Objective: Our aim was to study risk factors associated with the prevalence, incidence and remission of urinary incontinence (UI) between 4 and 24 months postpartum.
Design: Longitudinal study (EDEN cohort).
Setting: Two French university hospitals.
Population: 1643 women completed the questionnaire at 4 months and 1409 at 24 months, including 1354 who completed it both times.
Methods: Multivariate analyses identified risk factors for UI prevalence at 24 months postpartum, persistent UI versus remission, de novo UI versus continence, de novo UI versus persistent UI, and changes in IU severity between 4 and 24 months postpartum.
Main outcome measures: Postnatal UI and Sandvik UI severity score.
Results: UI prevalence was 20.7% (340/1643) at 4 months and 19.9% (280/1409) at 24 months. Significant factors associated with UI at 24 months were older age [OR = 1.07/year (95%CI 1.04-1.11)], BMI [2.35 (1.44-3.85) ≥30 versus <25 kg/m²], higher parity [1.77 (1.14-2.76) ≥3 versus 1], breastfeeding [1.54 (1.08-2.19) ≥3 versus < 3 months], pregnant at follow up [3.44 (2.25-5.26)], and caesarean delivery [0.62 (0.40-0.97) versus vaginal] [OR, odds ratio (CI, confidence interval)]. The likelihood of UI remission at 24 months was 51.9% (149/287). Caesarean delivery was associated with increased likelihood of UI remission [0.43 (0.19-0.97)]. The risk of de novo UI at 24 months was 12.5% (135/1067) and was associated with a new pregnancy [3.63 (2.13-6.20)].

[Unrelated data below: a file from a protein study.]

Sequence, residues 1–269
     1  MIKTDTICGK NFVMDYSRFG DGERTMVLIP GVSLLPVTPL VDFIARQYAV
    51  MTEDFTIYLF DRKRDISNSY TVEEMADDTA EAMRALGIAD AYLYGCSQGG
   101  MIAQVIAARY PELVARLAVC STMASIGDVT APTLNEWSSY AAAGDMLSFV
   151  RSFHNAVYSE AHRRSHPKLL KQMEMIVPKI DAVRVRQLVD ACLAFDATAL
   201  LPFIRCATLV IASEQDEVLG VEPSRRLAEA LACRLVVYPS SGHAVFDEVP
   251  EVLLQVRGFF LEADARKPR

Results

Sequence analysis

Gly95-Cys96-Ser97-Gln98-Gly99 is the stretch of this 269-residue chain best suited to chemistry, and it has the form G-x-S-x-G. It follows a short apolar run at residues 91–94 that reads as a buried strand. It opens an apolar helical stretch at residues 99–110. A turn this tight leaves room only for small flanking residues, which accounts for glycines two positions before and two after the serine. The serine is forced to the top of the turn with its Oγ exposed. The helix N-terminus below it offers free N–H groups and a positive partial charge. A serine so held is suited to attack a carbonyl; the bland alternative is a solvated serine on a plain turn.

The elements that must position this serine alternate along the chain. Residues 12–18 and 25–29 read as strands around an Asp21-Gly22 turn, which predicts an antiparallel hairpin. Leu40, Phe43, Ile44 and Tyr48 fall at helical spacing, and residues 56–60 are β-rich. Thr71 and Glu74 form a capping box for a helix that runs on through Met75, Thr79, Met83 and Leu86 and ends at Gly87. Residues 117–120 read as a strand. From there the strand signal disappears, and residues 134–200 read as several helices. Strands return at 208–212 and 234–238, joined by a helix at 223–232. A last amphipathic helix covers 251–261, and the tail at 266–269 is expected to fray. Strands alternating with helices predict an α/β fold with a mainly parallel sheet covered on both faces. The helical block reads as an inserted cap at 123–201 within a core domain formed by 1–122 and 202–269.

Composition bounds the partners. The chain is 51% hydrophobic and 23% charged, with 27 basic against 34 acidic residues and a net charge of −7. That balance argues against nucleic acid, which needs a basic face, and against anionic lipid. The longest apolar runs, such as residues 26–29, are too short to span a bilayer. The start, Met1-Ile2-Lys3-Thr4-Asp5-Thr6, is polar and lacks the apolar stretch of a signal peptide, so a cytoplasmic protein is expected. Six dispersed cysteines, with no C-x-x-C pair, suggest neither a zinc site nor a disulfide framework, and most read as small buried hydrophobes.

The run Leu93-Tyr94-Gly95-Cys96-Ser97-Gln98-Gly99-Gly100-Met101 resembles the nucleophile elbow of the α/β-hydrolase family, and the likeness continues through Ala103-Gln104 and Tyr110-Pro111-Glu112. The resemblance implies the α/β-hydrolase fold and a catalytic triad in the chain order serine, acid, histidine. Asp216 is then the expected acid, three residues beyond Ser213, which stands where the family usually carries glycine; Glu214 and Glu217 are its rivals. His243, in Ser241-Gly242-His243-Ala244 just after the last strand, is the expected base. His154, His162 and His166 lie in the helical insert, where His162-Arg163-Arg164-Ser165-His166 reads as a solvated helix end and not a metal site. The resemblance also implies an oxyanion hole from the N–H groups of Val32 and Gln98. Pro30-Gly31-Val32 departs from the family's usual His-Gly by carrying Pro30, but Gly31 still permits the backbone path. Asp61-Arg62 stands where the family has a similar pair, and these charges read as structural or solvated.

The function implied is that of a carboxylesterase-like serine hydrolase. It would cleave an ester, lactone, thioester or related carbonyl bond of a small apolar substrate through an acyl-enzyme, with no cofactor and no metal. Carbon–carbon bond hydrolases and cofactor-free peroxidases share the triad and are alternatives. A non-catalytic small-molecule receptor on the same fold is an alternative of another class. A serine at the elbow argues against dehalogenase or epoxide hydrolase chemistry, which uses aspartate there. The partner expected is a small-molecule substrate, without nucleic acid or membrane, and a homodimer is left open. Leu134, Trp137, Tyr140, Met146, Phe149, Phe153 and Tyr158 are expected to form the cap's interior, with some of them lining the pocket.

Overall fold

Conclusions: Between 4 and 24 months postpartum UI, remission occurred in half of the cases. These postnatal UI changes were essentially related to mode of delivery and subsequent pregnancy.
Tweetable abstract: Postnatal urinary incontinence progression is mostly related with mode of delivery and subsequent pregnancy.
Keywords: Cohort; female urinary incontinence; incidence; postpartum; pregnancy; remission.
© 2015 Royal College of Obstetricians and Gynaecologists.